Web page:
Be very careful using your smoker during dry sunny spells. You don’t want to start a fire.

One of the main reasons beginners do not use a smoker is because they have difficulty lighting them. A topic for another article or even a video. The advice here is to practice when you are not inspecting your hives. As a beginner, you are under enough pressure at the hive without struggling with your smoker while the bees gleefully take their opportunity and attack en masse. Practice lighting it and also keeping it lit. If it is done properly it will stay going for your entire inspection of several hives.

12. Not Installing a Mouse Guard in Time. Bees are well able to manage with a small entrance. Don’t be afraid to reduce it with a mouse guard in autumn. Mice are clever creatures and they will see the heat coming from the hive and make their winter home there. They seem to know that the bees are in a cluster and are not likely to sting them in the winter. So a hive is a perfect home for them for the winter. They have shelter, heat and food produced by the bees just sitting there.

So put your mouse guards on early.

13. Not Using Hive Stands for Your Hives. The natural habitat for bees is in trees with cavities. Very likely why they evolved to swarm as they would have great difficulty expanding their cavity some would have to leave to make room for the next generation. They are not used to ground level living and are not built for it. So put your hive on a stand. It doesn’t have to be a professionally built one from a bee supplier, though they are very convenient for bees and beekeepers. You can use a stack of bricks or pallets etc. as long as they are on the ground solid enough to take the weight of a hive filled with honey (he said hopefully). Just get the hive off the ground.

Keeping your hive off the ground on a stand of some sort helps prevent rot and dampness and reduce the number of visitors they get, i.e. ants, slugs, mice, and so on. Also, the main reason many people use them is to raise the hive to a better level for working on it. Nobody wants to be bending over a hive lower than they need to especially if they have bad backs.

14. Ignoring the Bee Space Rule – Not Filling the box Properly. Bees tend to build comb where they think it should be built and beekeepers have to go to some lengths to ensure that they build it in a way that is convenient for them. If you don’t follow a few little rules the bees will completely mess up your plans.

There is a thing called Bee Space. That is a space that is small enough that they will not think it worth building in or filling with wax or propolis and big enough for them to walk through. In a wild hive e.g. in a tree, they use bee space themselves it is the space between their combs. Usually between 6mm and 9mm. If the space is wider than 9mm the bees will fill with comb. If the space is narrower than 6mm the bees will fill it with propolis.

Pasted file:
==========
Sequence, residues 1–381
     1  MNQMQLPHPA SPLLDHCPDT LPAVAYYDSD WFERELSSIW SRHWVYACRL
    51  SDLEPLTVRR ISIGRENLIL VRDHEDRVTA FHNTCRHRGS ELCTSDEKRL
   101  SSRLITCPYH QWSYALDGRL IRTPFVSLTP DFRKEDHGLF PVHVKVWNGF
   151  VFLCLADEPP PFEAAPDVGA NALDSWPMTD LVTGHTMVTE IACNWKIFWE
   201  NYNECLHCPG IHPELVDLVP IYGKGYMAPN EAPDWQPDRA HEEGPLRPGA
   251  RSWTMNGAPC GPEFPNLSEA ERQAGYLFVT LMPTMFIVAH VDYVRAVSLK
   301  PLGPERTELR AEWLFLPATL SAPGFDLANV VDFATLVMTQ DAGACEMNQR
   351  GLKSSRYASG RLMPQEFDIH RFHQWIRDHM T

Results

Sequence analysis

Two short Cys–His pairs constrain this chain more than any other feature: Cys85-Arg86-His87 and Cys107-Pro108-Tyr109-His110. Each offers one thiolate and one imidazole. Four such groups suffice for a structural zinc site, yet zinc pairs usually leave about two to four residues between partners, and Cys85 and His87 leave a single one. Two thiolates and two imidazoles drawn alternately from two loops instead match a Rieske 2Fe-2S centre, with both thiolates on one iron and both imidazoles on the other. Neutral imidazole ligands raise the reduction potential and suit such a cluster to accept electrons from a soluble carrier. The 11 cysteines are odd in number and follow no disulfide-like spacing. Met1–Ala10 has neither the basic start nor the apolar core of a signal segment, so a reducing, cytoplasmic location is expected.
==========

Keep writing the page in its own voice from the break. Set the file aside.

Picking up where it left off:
So if you put eight frames in a box thinking that you can come back in a fortnight to add the rest when they have used the ones you put in there, forget it. They will build in the empty space first putting what to our eye looks like a mess of higgledy-piggledy comb. Then when they have filled that space they will get to work on the frames. It will break your heart to cut out all that comb after all the time and work your bees put into it, but unless you plan to crush and strain you will have to do it. You can’t put wild comb into an extractor.

Hives and frames are designed with bee space in mind. So fill your boxes with frames containing foundation and don’t leave spaces. If you have trouble removing that first frame when you are inspecting you can use a dummy board. It will slide right out and make removing the frames much easier.

15. Harvesting too Much Honey. Another question often asked by our beginners. How much honey can I harvest? That depends on how much the bees have. But in general, you can take most of the honey in the hive if you do it in August. Then leave whatever they gather after that to them. This country is falling down with the weight of the Ivy here. Everywhere you go in the countryside it is choking trees hedges and old buildings. So there is usually no shortage of it for the bees in autumn. BUT, as always the weather can mess that up. If it is a bad autumn, they may not be able to fly enough to forage and the Ivy flowers may have been washed out. So keep an eye on the hive supplies.

Hefting the hive to see if it is getting too light is a good way to check in the winter without having to open it and disturb the bees and let the heat out. Start hefting early so that you will have a comparison between a heavy hive and a light one and will know when it is light.

It is a good idea to make a block of fondant available to your bees just in case. They will only use it if they need it, preferring their own supplies of honey and pollen to anything a beekeeper might give them.